Recently I had this question filter down into my inbox:
I read several Lockergnome reports every day and find them immensely useful. Maybe with all your expertise or one of you colleagues can help with this problem.
I have been trying to get high speed internet service at my vacation cabin for more than 5 years. SBC (now AT&T) won’t provide it because the wiring in my neighborhood is sub-standard. (Note, I can only get 40-44 kbs on dialup). I’m about 13,000 ft from the central office which has DSL equipment. Comcast won’t provide it because my house doesn’t fit the franchise agreement criteria. I am one house beyond “the criteria.” (And they want to charge me $75,000 to cable). I tried writing to my state and federal legislators for help with very poor results. Let me tell you that this house is not in the wilderness or way out in the country, but just 2 miles from downtown Guerneville, CA.
Got any suggestions on how to proceed next?
When I first got this, I immediately had one thought that came to mind. Unfortunately it is not only a long shot, it is also a real pain in the butt to set up as well.
This person that wrote in could if he was feeling bold enough, contact a neighbor from the side of the neighborhood that does receive high speed Internet and offer to share the cost of the connection. Now comes the part where you get to violate an ISP’s TOS agreement. Understand that I am not necessarily condoning this action or then again, I really don’t object to it either. As a matter of fact, if it happens to be Comcast that is the ISP in question, I’d consider driving down to help violate their TOS. Comcast can bite me. Anyway…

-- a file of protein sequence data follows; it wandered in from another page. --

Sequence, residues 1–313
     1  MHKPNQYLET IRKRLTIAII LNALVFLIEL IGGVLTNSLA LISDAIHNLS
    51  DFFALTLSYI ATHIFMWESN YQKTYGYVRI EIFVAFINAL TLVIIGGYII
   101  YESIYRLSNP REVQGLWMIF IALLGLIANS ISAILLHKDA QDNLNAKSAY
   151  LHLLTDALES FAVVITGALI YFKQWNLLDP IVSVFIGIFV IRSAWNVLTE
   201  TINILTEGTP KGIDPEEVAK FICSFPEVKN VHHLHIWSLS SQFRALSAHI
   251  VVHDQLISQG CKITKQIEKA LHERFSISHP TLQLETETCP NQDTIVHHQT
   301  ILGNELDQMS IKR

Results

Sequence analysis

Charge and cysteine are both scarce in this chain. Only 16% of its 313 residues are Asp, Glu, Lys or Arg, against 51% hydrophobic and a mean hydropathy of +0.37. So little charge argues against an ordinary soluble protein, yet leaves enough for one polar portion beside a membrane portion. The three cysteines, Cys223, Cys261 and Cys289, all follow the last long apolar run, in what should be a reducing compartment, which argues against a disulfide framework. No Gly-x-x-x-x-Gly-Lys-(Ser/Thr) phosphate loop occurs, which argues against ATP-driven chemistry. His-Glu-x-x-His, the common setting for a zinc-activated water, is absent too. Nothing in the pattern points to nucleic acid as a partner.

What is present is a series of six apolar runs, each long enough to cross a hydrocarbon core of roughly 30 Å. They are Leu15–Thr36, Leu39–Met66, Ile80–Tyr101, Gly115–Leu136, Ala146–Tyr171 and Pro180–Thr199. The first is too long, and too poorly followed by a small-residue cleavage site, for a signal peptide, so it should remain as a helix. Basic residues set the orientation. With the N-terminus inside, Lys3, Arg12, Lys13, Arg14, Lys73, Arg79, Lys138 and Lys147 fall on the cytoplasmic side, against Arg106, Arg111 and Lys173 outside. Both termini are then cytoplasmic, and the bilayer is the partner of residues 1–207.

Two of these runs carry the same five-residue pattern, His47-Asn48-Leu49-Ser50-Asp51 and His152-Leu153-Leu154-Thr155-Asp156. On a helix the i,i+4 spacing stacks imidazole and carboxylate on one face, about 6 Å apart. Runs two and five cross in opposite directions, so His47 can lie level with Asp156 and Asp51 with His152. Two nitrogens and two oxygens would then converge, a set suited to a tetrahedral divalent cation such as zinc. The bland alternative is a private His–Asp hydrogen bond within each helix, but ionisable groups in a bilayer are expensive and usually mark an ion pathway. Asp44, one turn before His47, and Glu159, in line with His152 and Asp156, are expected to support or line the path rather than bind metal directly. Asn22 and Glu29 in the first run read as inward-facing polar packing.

So you establish that you would be sharing a connection with this chosen neighbor. After dropping a large sum of cash into their unmarked Swiss bank account, you begin working out the best options for outdoor wifi antenna placement. Do you go with directional or omnidirectional setup? Will you have to bulldoze that small shed in the neighbor’s yard to get a better signal? As you can see, going with a shared signal from the neighbors in the broadband safe haven might not be a really viable or realistic solution.
Ok, so what’s left? Satellite is not going to happen, right? I mean we have all heard horror stories about Directway. Well, perhaps its time to look into Wildblue? And yes, it will require some green up front for pro service. But I am going to quote one of the best descriptions of the performance difference between Wildblue and Direcway:
“Wildblue operates in the Ka band which suffers more from rain than Ku band. Wildblue however is deliberately designed with proper fade margins and rain fade mitigation features so as to give a satisfactory service. A poorly installed and marginal Ku band system is worse that a properly designed and installed Ka band system. An attractive feature of these Ka band terminals is that installation to a high quality is possible with less time and effort required than for the larger dish Ku band systems.”
So how does this break down? In rain or in clear weather you will see better performance and less latency even with the Ka band – pure and simple. So even with the Ka band rain issue, you are still better off than with Directway’s Ku band. Wildblue is also a much easier set-up in addition to not outsourcing their tech support; like Directway.
Now obviously there are a zillion different factors that can offer you terrible performance regardless of the Sat provider chosen. And rain will affect things to some extent regardless of the provider. But the fact that Wildblue offers a very big link margin, I’d go with Wildblue Pro service. You will have broadband both up and down, in addition to enjoying great service that I have heard at times is comparable to a land-based connection.
[tags]sbc,dialup,terms of service,satellite internet,directway,isps,wildblue,dsl equipment[/tags]